Museum: The Museum is home to precious artifacts that possess mysterious powers. Players can use research cards to acquire these Artifacts into their deck, ultimately to be used for additional research power, or for the Artifact’s special powers. The Museum does not receive Darkness tokens.

Players start the game with a deck of basic investigation and research abilities that are just enough to acquire basic Artifacts and fully investigate basic Disturbances. As players progress through the game, they’ll acquire more Artifacts, Talismans, Disturbances, Exposure, and advanced cards unique to their Agents. Each of these cards is added to players’ discard piles when acquired, just as you’d see in any other deck-building game.

In most games that use cards, any cards that go in your deck have identical backs. The Shadow Over Westminster introduces card backs that identify the types of cards, though not the specific card coming up. There are quite a few cards and abilities that allow players to either draw cards or manipulate the top of their decks, and this lets players have additional control over how they spend their turns. It’s a nice bit of design, and one of my favorite parts of the game.

Additionally, each Agent’s special abilities and unique cards are designed to interact with one of the core mechanics of the game. This makes the role each player plays in the game different, and adds some strategic elements as players race around the board trying to keep pace with the game. In a world with lots of cooperative games, The Shadow Over Westminster stands out for these elements that subtly increase the depth of the game.

Many cooperative games, particularly those with no “betrayal” mechanic, suffer from what we call the “Alpha Gamer” or “The Pandemic Problem” – namely, that in games where there is no hidden information and no opposing agendas, it’s easy for a single player to dominate the conversation about what each player should do in game. If you’ve played cooperative games, you know exactly what I’m talking about. The Shadow Over Westminster didn’t make me feel like Alpha gaming was an issue, though it’s worth saying that if I can’t find the  Alpha gamer in my play group, it might be because it’s me.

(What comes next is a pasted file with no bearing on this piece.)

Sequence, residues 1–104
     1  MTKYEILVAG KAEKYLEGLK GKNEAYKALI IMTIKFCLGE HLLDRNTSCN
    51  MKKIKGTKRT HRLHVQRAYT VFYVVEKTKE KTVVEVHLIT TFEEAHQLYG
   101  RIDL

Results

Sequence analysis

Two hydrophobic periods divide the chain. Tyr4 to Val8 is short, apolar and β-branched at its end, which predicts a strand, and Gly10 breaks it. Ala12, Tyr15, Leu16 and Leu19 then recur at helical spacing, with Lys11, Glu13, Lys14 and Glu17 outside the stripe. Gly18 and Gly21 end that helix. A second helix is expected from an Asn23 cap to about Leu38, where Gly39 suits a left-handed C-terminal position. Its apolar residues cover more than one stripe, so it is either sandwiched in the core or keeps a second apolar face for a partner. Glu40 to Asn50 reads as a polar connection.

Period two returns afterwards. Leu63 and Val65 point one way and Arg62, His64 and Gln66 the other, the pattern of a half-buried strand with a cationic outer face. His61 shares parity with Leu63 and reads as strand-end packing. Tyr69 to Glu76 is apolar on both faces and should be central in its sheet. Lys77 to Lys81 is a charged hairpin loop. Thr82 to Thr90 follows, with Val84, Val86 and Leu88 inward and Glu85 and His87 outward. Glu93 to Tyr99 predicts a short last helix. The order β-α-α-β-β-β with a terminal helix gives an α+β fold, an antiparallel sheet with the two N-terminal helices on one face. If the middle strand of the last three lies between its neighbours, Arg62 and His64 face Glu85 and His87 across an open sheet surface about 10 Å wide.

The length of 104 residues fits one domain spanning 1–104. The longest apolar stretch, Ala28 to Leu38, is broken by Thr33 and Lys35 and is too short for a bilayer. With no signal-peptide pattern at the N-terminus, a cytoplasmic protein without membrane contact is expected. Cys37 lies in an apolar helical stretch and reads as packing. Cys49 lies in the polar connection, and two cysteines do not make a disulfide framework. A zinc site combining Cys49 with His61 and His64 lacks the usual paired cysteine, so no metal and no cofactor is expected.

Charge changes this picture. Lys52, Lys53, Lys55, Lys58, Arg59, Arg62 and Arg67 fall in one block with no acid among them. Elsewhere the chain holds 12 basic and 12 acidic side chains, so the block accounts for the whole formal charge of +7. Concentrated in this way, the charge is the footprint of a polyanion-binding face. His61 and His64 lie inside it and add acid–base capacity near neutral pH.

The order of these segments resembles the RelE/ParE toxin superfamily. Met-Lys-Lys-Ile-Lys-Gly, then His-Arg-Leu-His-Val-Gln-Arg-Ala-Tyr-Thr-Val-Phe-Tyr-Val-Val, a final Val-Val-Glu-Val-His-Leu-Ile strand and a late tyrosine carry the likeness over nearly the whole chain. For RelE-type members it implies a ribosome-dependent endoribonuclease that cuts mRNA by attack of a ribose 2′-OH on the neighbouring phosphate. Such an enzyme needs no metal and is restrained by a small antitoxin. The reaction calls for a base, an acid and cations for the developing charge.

The Agents differ from each other in small ways that are really brought to light by the Agent-specific cards that are acquired during the late part of the game. These cards are designed to interact with certain portions of the game, like controlling Darkness tokens, using Research cards, or managing Exposure cards. Each player has to know what their cards do and how to best use them, so there’s likely a little too much information for a single player to dominate the strategy conversation. Not only was it nice not to have to deal with this in my game, it was also really cool to find out that my fellow Agents had helpful abilities that could get us out of jams. 

Artwork by Eddy Shinjuku (© 2014 Zenion Games, Inc)
Four of them, all very different, all very cool
I played four games of The Shadow Over Westminster with Phillip Jenné, the Art Director for the game, and Cody Lewis, one of my game-designer buddies. The three of us play games together often, and consider ourselves pretty accomplished game players. As noted in the intro, we got absolutely crushed in our first game, and lost our second game handily as well. Our third game came down to a single flip of the Darkness deck – with every single Darkness space on the board full, anything other than “Take an Exposure” would have caused us to lose.

We figured we had a 40% chance of winning, so we took a second to sum up the drama, as game groups tend to do, then flipped the card: “Darkness at the University” – which may as well have read, “YOU LOSE.” It was high-tension and high-entertainment, and even though we lost, it made the two hours playing three games completely worth it.

At the time of this article, The Shadow Over Westminster is live on Kickstarter. I’m a backer, and though my friends are making this game, I first found interest in it after hearing a description through Tabletop: Deathmatch, a competition the game was entered in. If you’re a fan of the general Lovecraftian theme, this is a no-brainer (pun fully intended). If you dig deck-builders but you’re tired of the same re-skins of simple mechanics, I think you may enjoy TSOW. The deck-building component is ever-present, but never feels like it’s what you’re doing - it’s just a mechanic that you use while you’re in pursuit of larger goals.

The result of the various mechanics and themes is a compelling cooperative game with multiple sources of tension: racing against Darkness in the locations on the board, revealing the Cataclysm and a possible Betrayal, and ultimately finishing the Cataclysm before Darkness engulfs the world. I recommend The Shadow Over Westminster to anybody who enjoys high-tension, medium-depth cooperative games like Pandemic, Eldritch Horror, or Ghost Stories.

Watch a Play Video of The Shadow Over Westminster with Robert Huss and Damien Lavizzo from Team Zenion

JR Honeycutt is a full-time husband and game-player, and co-host of The Nerd Nighters. You can find him on Twitter at @JayAhre or at a Friendly Local Game Store in Dallas/Fort Worth, Texas.